Fed up with "Big Sugar"
|May 16th, 2015|
|tags:||Bill Clinton, fed up the film, Katie Couric, Laurie David, obesity, Oprah Winfrey, sugar|
The film focuses on the causes of obesity in the US, presenting evidence showing that the large quantities of sugar in processed foods are an overlooked root cause of the problem, pointing to the monied lobbying power of "Big Sugar" in blocking attempts to enact effective policies to address the issue.
Already today, more than one in three US Americans is obese, and in the coming years, the number will continue to grow. Only when at least 42 percent of US citizens are extremely overweight, the highlight of the obesity epidemic is achieved, as researchers at Harvard University in Cambridge (US state of Massachusetts) have calculated. Until 2050, the number of obese people in the US may increase accordingly, the researchers write in the journal "PLoS Computational Biology".
Fed Up shows how food companies intentionally formulate their products to reward the same neural pathways in our brains that are stimulated by drugs like cocaine. "One of the most disturbing things I learned in the making of this movie was that the industry and the government have known for decades that we were eating too much sugar. They predicted 30 years ago the obesity epidemic we’re in right now. Nothing’s been done about it. And that was before the explosion of the snack food industry, the explosion of sugary beverages, energy drinks, granola bars. It’s crazy," says director Laurie David in an interview with civileats.com.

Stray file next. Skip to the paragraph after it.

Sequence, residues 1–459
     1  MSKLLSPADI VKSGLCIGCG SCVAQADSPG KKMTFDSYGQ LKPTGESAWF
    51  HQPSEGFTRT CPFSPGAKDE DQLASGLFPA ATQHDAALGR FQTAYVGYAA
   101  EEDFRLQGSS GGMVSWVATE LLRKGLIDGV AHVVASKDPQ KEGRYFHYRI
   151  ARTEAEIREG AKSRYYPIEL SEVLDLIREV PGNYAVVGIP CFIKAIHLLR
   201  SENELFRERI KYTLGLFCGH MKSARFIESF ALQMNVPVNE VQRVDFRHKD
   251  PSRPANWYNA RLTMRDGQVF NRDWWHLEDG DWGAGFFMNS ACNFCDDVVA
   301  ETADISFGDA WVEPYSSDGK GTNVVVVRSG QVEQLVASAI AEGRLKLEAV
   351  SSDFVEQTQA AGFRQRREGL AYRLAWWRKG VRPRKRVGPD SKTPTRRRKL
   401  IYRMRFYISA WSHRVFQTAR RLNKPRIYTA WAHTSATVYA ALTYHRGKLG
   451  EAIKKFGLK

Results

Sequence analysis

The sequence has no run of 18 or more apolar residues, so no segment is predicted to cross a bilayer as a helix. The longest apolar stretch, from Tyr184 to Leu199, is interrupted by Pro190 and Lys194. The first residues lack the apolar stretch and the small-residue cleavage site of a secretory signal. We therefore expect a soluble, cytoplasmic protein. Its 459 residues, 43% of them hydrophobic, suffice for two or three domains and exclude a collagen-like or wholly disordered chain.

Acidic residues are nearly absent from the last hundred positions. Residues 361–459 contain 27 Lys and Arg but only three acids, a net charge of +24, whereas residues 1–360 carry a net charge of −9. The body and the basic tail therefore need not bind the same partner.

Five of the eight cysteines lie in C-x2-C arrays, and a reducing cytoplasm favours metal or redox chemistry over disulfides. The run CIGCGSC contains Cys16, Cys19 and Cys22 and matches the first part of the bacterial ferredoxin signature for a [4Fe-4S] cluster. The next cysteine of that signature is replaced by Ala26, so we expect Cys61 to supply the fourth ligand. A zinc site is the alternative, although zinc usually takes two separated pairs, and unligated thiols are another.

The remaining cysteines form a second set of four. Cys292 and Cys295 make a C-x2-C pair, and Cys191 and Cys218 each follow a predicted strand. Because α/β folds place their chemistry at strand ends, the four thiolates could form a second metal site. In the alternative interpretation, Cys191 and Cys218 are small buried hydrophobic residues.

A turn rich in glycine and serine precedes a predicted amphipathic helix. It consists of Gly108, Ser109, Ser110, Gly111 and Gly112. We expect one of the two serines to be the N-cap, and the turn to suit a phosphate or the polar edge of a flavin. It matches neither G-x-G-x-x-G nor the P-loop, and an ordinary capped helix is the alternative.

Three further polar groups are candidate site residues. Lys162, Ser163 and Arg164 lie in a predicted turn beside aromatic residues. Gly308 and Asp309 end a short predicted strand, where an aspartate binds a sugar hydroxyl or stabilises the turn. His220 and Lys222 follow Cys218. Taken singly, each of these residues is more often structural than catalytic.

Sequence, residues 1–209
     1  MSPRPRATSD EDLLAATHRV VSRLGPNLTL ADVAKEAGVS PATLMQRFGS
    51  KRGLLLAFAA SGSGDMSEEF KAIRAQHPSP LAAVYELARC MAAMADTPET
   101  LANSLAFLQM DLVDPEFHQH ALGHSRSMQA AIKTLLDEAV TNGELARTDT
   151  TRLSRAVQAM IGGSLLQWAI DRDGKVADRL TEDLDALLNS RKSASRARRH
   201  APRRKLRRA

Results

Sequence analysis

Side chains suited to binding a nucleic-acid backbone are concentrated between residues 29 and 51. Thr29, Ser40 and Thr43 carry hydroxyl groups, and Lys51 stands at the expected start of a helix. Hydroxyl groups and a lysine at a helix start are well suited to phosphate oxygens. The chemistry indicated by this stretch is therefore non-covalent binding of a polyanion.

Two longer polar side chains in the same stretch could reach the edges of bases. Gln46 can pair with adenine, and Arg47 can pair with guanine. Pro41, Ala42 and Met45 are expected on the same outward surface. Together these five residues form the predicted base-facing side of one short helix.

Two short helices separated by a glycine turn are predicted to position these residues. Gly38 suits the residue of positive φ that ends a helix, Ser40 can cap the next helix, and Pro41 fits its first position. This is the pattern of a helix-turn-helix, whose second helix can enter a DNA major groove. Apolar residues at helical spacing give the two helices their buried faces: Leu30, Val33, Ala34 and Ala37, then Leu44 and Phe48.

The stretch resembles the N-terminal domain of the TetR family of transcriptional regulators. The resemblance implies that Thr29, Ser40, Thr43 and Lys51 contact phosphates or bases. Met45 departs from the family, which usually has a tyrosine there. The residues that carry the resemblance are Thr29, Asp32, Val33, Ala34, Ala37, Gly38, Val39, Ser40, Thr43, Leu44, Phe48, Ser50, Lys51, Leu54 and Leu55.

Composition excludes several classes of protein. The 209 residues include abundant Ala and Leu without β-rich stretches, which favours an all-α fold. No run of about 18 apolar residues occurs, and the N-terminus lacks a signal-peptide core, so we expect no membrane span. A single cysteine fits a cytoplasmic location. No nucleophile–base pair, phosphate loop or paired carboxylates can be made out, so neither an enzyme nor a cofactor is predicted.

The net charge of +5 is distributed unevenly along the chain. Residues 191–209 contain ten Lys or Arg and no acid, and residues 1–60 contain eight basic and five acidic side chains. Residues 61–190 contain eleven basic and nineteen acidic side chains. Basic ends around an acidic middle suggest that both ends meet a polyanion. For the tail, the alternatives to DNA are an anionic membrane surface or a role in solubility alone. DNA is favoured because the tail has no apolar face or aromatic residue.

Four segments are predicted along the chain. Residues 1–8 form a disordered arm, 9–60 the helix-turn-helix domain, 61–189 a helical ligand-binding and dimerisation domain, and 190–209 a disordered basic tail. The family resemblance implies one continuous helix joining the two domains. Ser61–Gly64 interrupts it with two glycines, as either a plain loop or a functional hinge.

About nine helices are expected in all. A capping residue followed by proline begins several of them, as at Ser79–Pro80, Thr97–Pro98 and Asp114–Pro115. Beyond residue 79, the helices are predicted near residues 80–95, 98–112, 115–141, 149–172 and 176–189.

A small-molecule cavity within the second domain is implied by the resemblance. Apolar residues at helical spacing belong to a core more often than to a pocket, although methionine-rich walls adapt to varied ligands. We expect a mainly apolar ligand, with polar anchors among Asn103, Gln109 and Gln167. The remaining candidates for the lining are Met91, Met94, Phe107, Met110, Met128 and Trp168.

Manohla Dargis succinctly summarizes the film in her New York Times review: "Recent research ... indicates that calories in fruit are not the same as those in soda, a conclusion that is part of the big picture in “Fed Up,” a very good advocacy documentary ... A whirlwind of talking heads, found footage, scary statistics and cartoonish graphics, the movie is a fast, coolly incensed investigation into why people are getting fatter. It also includes some touching video self-portraits by some young people who belong to the almost 17 percent of children and adolescents, 2 to 19, who are considered obese."
The directors have gained prominent support. So, you can even watch celebrities as Bill Clinton or Oprah Winfrey talk about their own "sugar stories".
At the end of the movie, the filmmakers throw out
the Fed Up Challenge - a US campaign to break loose from the sugar industry’s powerful grip - with a particular focus on kids and schools.
Individuals, parents and communities are asked to join in going sugar free for 10 days. So, could you go 10 days without refined sugars?
Photo: press kit fed up
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